A steam ship could carry 1,200 people.
Two hundred thousand Irish immigrants fought in the American Civil War.
The majority was on the Union side.
The Irish fought in the war to support Lincoln's administration as long as it was for restoring the Union, not freeing the slaves.
Lincoln issues a preliminary Emancipation Proclamation in September of 1862.
The Irish felt betrayed because not only would this prolong the war by stiffening the Southern resistance, it would cause a flood of black workers into the North who would take jobs away from white Irish laborers.
A blacksmith who's company provided the U.S. government with gun carriages and paddle arms for war vessels during the Civil War.
New York City's chief Democratic Party organization.
Naturalized over 41,000 immigrant voters, often illegally.
Cemented Irish loyalty to the Democratic party and ensure victory at the polls; such as for Richard O'Gorman.
Political machine assisted in providing opportunities for upward mobility to ordinary working class Irishmen.
This loyalty circumvented Yankee prejudice and secured lucrative contracts and steady jobs; such as city employees - policemen, firemen, and gas workers.
A South Boston built locomotive was the one that drew Leland Stanford's private parlor car to Promontory Point, Utah, where the Golden Spike was driven into the last railroad tie, joining the Union Pacific with the Central Pacific.
Ten Molly Maguire members were hung.
They were found guilty of murdering nine men between 1875 and 1877.
The Molly Maguire was a secret faction operating within the local lodges of the Ancient Order of Hibernians.
They consisted of ethnic and religious hatred, and economic grievances.
They were labor racketeers who were drawn to terrorism in order to control the price of labor.
Ireland's second Potato Famine.
Six million Irish Catholics in the U.S.
Forty years earlier there had only been 1/10 that many.
Knight of Labor
The United State's first nationwide labor organization.
Joined by hundreds of thousands of skilled and unskilled Irish Americans.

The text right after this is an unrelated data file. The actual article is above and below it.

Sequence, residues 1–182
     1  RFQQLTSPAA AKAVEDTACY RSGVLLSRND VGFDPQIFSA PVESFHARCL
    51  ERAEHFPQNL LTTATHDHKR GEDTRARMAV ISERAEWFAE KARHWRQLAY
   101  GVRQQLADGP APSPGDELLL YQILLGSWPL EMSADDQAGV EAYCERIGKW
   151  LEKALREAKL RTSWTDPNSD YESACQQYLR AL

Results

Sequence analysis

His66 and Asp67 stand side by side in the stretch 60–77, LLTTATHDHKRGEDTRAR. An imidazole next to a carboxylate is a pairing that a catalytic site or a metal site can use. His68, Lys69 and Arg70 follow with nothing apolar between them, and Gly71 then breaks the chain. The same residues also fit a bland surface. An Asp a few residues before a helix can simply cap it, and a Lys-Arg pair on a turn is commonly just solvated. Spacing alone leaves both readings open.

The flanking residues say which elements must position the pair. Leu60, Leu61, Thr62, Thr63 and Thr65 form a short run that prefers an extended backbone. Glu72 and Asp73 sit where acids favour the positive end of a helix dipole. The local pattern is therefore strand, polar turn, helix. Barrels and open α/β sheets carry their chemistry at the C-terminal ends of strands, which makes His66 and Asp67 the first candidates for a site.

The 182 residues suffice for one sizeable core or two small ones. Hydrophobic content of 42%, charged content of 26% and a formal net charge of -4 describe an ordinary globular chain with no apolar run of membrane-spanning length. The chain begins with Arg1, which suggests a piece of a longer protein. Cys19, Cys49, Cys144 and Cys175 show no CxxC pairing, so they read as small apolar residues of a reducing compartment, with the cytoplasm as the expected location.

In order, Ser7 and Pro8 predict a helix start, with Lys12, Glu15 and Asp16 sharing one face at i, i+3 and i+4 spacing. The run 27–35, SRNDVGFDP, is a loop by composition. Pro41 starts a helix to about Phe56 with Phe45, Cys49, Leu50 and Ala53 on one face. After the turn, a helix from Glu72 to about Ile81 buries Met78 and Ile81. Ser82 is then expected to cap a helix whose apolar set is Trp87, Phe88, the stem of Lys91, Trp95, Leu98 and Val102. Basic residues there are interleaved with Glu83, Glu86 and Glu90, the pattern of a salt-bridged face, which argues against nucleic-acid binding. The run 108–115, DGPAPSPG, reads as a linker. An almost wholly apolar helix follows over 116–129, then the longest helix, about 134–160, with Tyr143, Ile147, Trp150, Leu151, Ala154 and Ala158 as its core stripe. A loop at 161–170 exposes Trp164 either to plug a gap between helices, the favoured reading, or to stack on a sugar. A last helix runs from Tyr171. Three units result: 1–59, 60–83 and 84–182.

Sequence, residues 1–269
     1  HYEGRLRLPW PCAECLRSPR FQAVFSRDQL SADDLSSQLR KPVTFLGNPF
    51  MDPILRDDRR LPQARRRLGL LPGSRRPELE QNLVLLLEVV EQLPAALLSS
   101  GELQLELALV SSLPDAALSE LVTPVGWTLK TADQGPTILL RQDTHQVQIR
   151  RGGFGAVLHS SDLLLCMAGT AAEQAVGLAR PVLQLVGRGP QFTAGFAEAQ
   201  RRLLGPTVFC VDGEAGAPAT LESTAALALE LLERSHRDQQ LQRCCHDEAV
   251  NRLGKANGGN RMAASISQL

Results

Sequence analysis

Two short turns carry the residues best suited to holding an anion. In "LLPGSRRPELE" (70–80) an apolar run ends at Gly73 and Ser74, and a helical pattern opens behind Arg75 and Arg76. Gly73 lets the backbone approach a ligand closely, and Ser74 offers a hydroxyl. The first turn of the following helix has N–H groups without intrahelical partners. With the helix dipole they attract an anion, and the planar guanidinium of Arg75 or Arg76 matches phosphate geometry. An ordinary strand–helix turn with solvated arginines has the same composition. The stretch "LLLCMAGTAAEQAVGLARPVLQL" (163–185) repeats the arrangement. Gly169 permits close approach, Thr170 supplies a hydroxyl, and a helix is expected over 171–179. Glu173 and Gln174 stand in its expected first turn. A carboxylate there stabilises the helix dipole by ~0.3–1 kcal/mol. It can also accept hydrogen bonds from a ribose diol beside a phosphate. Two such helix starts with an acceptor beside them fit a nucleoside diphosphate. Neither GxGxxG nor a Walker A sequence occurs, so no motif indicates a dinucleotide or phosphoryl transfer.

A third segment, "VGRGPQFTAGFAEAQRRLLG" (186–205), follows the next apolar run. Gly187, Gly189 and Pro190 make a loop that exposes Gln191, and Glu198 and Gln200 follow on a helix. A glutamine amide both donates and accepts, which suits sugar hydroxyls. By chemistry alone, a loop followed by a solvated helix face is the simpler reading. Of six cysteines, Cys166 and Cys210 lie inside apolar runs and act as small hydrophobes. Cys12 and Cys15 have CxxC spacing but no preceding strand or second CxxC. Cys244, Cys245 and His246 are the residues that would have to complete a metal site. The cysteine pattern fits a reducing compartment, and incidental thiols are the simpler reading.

Led by Terrance Powderly, son of Irish immigrants.
The Irish were dominant in leadership and membership in organized labor, which benefited new Irish immigrants and their foundations.
Irish Democratic bosses:
"Big Tim" Sullivan of New York.
"Bathhouse John" Coughlin of Chicago. He built free public bathhouses for the city's poorest workers.
John "Honey Fitz" Fitzgerald of Boston. His grandson was the first and only Irish Catholic to be President of the United States: John Fitzgerald Kennedy.
Jim and Tom Pendergast of Kansas City.
Al Smith of New York. He turned Tammany Hall into a champion of housing, factory safety initiatives, and reforms that improved the lot of working class Americans.
These Irish Democrats helped pave the way for Roosevelt's New Deal and Truman's Fair Deal legislation.
Irish love for whiskey raised a class of brewers and saloon keepers like Patrick J. Kennedy.
Over $260 million sent to families in Ireland from Irish Americans.
The money was used to pay expenses in Ireland, but mostly used to finance more immigration.
According to the U.S. Census:
1,872,000 people were Irish born Americans.
Only 2% were engaged in agriculture.
Most were in Boston, New York, Philadelphia, Chicago, St. Louis, and San Francisco.
In New York and Brooklyn together, there were more persons of Irish origin than there were in Dublin.
In Boston, the Irish were a majority.
The nation as a whole, 5 million persons of Irish birth or origin; some 200,000 more than the population of Ireland and approximately 1/12 of the total number of Americans.
Ellis Island received it's first shipload of immigrants.
The first being a 15 year old Irish girl named Annie Moore.
This is truly symbolic because it was the Irish that primed America's immigration society, and Ireland sent as many women as men (and for several decades the women outnumbered the men) making Irish immigration unique from other nations.
The majority of these women were unmarried and traveling alone, because of restrictive conditions.
Employment opportunities were better for women than men; domestic servants in upper-middle class home.
Employment in Ireland was low if non-existent for women.
Old thought of parents controlling daughter's lives in marrying and inheriting farms.
Marriages were parentaled matched.
Reinforced by moral authority of the Catholic Church.
Most of the money of the Chain Immigration came from Irish women, not men.
Women created their own marriage dowry's so as to attract new husbands and establish families in the New World.
James J. Corbett defeated John L. Sullivan in New Orleans for the heavyweight boxing championship.
Boxing was viewed as a ladder upward for the social class and to gain respect.
Irish men; 35% held white collar jobs, 50% were skilled workers, 15% were unskilled workers.
The Catholic Church was the nation's largest religious denomination.
The Irish American Catholic attained more education than native born Protestants.
In Boston, American born Irish were 4 times more likely to hold white collar positions than their immigrant parents.
Irish immigration dwindled.
Very little, if at all, stronghold on political and labor power.
The Irish melted within the pot.
From 1845 to today, 5.5 million Irish immigrated to the United States, of which the majority was Catholic.
Forty million Americans can trace ancestry to the total 7 million Irish that emigrated to the U.S.
Nearly every one of the 5 million people who live in Ireland has relations in the New World.